This week on the podcast we look at UUK’s proposed higher education bailout and NUS’ proposed student bailout and consider how the proposals are being received by Government. We also look at the ongoing moratorium on unconditional offers, talk to Durham’s VC, wonder how universities will ever re-open, and have a think about what September might look like for students and universities.
With sector student experience expert Michelle Morgan, Professor of Higher Education at Lancaster Uni Paul Ashwin, and Wonkhe’s Associate Editor David Kernohan.
Items this week:
- Covid-19 coverage continues on the site here.
To get involved in The Wonkhe Show, email firstname.lastname@example.org
(Please note this is auto-generated and un-edited)
[00:00:01] It’s the Wonkhe show this week, will we’ll chat bailouts both for students and for universities. We’ll catch up on the latest developments on admissions in September. What will it look like? It’s coming up.
[00:00:11] You can’t leave this to the market. You can’t leave it to the interests of individual institutions. You have to have some coordination by policy makers. Actually looks after the health of the sector as a whole rather than take the step. You know, very says that by stopping the voices, which tend to be prestigious, institutions provide a system that suits that.
[00:00:42] Welcome to the Wonkhe show, your weekly weigh into next week’s higher education news, policy and analysis side. Jim Dickinson I’m here to remember to meet their marks. As usual, we have three fabulous guests in Brighton Sector student experience expert Michelle Morgan. They say, Michelle, your reason to be cheerful this week?
[00:00:58] Well, I’ve been following Captain Tom the last two weeks, which has been great. And I’m just hearing the fabulous stories of kindness and gratitude of people who’ve been horrible.
[00:01:06] Annie Lancaster, professor of higher education at Lancaster, Anya’s Paul Ashwin.
[00:01:10] Paul, your reasons to be cheerful while I’m not very good at being cheerful. I guess the current situation really emphasizes the way in which not isolated individuals more connected together than in relation to higher education. That really emphasizes the ways in which universities work their local communities. There’s been some really interesting and exciting things going on with universities working with the areas where they’re located.
[00:01:34] Lovely. Anecdotally, David Kinahan is one case associate editor, DKA, your reason to be cheerful?
[00:01:39] Well, thank you for asking to him. I’ve been really pleased to see the response to the pieces that we’re putting up getting on. Warnke is really glad to feel like we are of help. And on a more personal note, my local curry house and my local pub are both doing deliveries.
[00:01:55] Excellent. So, yes, we start this week with the university bail-outs, u.s.-eu and London Economics have an analysis of the size of the hole that needs plugging news has imagine that there is a lack of enthusiasm for gig case proposals in government and you asked just published its own plans for student bailout. DKA, talk straight.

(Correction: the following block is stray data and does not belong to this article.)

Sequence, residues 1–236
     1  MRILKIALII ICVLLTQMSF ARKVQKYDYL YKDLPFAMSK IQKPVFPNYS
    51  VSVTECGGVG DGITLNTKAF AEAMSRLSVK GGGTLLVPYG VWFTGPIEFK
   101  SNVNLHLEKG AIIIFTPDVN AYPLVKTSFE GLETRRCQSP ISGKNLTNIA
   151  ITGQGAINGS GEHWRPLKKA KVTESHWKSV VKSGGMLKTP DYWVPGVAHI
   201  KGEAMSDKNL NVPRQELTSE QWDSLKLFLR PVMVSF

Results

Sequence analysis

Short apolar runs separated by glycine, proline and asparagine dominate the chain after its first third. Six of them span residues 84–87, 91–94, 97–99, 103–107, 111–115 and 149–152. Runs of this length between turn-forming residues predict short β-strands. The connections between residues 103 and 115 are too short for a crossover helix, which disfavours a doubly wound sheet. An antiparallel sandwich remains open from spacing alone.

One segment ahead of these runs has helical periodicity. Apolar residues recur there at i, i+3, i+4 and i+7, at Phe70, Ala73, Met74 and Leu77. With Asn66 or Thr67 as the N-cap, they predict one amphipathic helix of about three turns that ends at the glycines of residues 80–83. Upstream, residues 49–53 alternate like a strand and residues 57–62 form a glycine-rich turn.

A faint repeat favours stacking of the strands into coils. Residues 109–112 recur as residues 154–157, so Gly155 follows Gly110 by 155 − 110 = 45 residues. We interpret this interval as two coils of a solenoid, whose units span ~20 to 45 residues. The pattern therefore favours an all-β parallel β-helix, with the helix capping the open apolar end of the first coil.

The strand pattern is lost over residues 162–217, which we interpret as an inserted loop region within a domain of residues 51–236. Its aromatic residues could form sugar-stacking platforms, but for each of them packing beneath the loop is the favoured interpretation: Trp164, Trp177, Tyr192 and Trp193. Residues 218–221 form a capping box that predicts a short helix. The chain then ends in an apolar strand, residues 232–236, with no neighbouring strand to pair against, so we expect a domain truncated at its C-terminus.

[00:02:11] Well, what a mess. I guess we start with today’s news. The front page of the FTSE that’s been followed up everywhere else suggests that the requests for a bailout are not being met with much sympathy from the Treasury. The bailout in question is the one that came from University UK just before Easter. The two big chunks of that were the doubling of QR, which is the second leg of the double stream research funding linked to RAF results and a voluntary cap on undergraduate recruitment, which will be the projection for 2020 21 year. Remember those really over the top projections that we got a summary published by IFRS plus some of 5 percent just to make sure this is a huge cut and be set up on the site this morning. Doesn’t really make much difference, especially if, as expected, recruitment levels drop. We’ve also seen a suggestion from National Union of Students of Color for every student. Now the option to redo the 29 20 academic year. No further, no further cost and was for maintenance support. There’s also a call for student hardship fund and an economic package covering training and development for people that are graduating this year. There’s clearly a lot at stake here. It’s no exaggeration to say providers are at risk and students and graduates are liable to be strongly affected by quarterly 19 and the after effects. The government clearly does need to do something here. It doesn’t look like the existing stuff that applies to everybody is going to quite meet the purposes of a sector which even the Office for Budget Responsibility says is looking at a 90 per cent cut in income.
[00:03:50] So, sir, my sense is that UK paper clip, clearly it was great to have a paper. Clearly they’re trying to work with a number of different constituencies in his book to get something out there. The element I found a bit disappointing is the sense that it’s still very much focused on the Special Minister. Lichee Well, HP needs in order to carry on as much as possible as business as usual, rather than taking his opportunity to say actually, look, this this is how higher education could work differently in order to respond to this crisis. There was far more detail about what universities needed, but that was about actually what universities can do to help with the situation beyond saying what they currently do or why that might be useful in the current situation.